Every life has its stories. With family gathered for the service, stories come out to be shared and remembered. One of the brothers told the story of a Christmas Eve when they tried to sneak downstairs and spy on what Santa might have brought. Their dad heard them and came out of his downstairs bedroom and hollered at them to get back up those stairs, and they fled. But when they counted up, there were only five of them where there should have been six. Where was Joe?

Joe tiptoed back up the stairs when he was sure that his father was settled back into bed. He had dived behind the upright piano and had not been spotted. He came out after the coast was clear and reconnoitered, and told his brothers everything that was waiting for them in the morning. We all laughed, imagining.

This older brother told us that Joe was their mother’s favorite, because he was the compensation baby. In the middle of these six boys there had been a baby girl, who died of pneumonia when she was six months old. Joe was the next baby, and that gave him a special place,

I thought with my mother’s heart that he would indeed have been the comfort and the consolation. I realized, as all these children were only a year apart, that at six months, at that loss, my mother-in-law was already carrying Joe and knew it.

I remembered how hard it was to lose my first two pregnancies, and the comfort it was to hold a real, living child to rock on my lap after another, later miscarriage. Her arms longed for that baby to come; when he did she didn’t feel quite so empty, holding him. There were eventually two other girls at the tail end of the family, a little farther apart in age, but that baby girl left an empty spot that all of them still feel.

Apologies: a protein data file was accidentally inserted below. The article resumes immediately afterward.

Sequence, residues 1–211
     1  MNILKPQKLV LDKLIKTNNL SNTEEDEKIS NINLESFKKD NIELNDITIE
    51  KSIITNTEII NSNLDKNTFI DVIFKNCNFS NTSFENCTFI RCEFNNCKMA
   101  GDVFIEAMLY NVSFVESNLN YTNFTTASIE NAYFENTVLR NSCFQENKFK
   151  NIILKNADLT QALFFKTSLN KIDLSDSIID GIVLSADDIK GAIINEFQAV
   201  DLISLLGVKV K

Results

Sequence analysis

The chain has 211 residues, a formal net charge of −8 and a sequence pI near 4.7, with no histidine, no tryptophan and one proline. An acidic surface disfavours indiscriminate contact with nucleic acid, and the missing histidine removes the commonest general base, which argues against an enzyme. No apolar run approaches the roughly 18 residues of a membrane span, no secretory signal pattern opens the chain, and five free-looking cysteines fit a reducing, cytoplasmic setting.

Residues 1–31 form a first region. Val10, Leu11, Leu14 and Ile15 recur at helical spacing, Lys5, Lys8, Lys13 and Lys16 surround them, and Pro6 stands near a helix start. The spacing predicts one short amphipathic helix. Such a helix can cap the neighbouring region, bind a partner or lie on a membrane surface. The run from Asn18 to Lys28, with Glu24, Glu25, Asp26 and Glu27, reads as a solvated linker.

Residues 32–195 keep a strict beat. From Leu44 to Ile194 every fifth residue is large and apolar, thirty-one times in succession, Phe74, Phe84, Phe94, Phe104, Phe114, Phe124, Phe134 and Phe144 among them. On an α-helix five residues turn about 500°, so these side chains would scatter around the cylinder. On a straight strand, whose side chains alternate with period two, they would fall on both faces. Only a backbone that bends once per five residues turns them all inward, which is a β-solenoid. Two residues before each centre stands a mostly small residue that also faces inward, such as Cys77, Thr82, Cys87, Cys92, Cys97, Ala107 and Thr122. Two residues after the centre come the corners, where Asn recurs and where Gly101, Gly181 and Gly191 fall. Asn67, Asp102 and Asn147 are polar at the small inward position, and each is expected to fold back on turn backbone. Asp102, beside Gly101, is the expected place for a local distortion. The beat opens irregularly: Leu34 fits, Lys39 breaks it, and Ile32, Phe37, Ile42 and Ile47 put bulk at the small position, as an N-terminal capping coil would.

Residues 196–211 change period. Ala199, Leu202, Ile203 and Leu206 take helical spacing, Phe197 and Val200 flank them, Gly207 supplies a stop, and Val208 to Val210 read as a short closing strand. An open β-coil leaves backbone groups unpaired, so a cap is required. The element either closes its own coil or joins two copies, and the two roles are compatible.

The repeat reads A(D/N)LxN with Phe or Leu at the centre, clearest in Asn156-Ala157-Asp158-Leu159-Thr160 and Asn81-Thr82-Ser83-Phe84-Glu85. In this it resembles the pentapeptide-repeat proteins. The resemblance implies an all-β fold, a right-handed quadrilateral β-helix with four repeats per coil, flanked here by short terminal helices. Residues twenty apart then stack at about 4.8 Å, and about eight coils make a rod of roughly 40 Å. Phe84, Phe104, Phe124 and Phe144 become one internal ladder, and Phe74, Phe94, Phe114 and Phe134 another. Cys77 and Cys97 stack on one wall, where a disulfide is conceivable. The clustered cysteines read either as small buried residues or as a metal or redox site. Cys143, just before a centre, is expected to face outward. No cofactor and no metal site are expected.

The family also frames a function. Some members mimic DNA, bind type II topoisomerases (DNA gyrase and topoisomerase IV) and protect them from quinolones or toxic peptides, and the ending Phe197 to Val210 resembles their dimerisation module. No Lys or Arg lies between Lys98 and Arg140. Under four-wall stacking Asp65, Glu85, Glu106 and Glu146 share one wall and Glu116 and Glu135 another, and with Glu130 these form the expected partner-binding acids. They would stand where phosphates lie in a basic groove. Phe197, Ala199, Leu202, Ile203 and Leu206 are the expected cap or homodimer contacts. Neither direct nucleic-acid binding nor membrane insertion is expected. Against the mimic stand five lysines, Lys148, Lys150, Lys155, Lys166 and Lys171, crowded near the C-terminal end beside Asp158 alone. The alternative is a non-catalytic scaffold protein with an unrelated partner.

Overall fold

Besides the stories, though, what stood out were the examples of loving, simple service. First of all, there was his sister who shared a home with him and stepped up to the uncertainties and worries of his condition. I put my head quietly to hers, while we were there, in a private moment and told her, “You have been the hero.” He was able to be at home until the end.

One of the brothers retired from teaching with the idea that he and his wife would serve a mission. They were getting things in order with that in mind when Joe’s condition worsened enough that he won medical retirement. They knew that at some point, possibly soon, it wouldn’t be safe to leave him home alone.

They talked it over and decided that Joe would be their mission, and they came to the home and took care of him while their sister M. was at work, for three years. Another brother, when Joe got worse, came up faithfully after work, one evening a week, from a greater distance, to give her some personal respite.

A near neighbor, their home teacher for all of the twenty years they had lived in this house, came and got Joe on Tuesday nights to take him over to their place for a movie and a visit, giving M. the time to go grocery shopping or whatever she needed. It was the only place outside of home where he didn’t get disoriented or anxious.

When Joe couldn’t help get himself into bed anymore, this good man came and put him into bed, every night, until the last few days when he didn’t have the strength to get out of bed.

The ward provided the usual family meal after the service and the trip north to the smaller town where he was buried next to his parents. Everyone who had come from at least four states had a chance to visit, share memories, and unwind. Small children were allowed a little freedom after a long morning, and no one was hurried.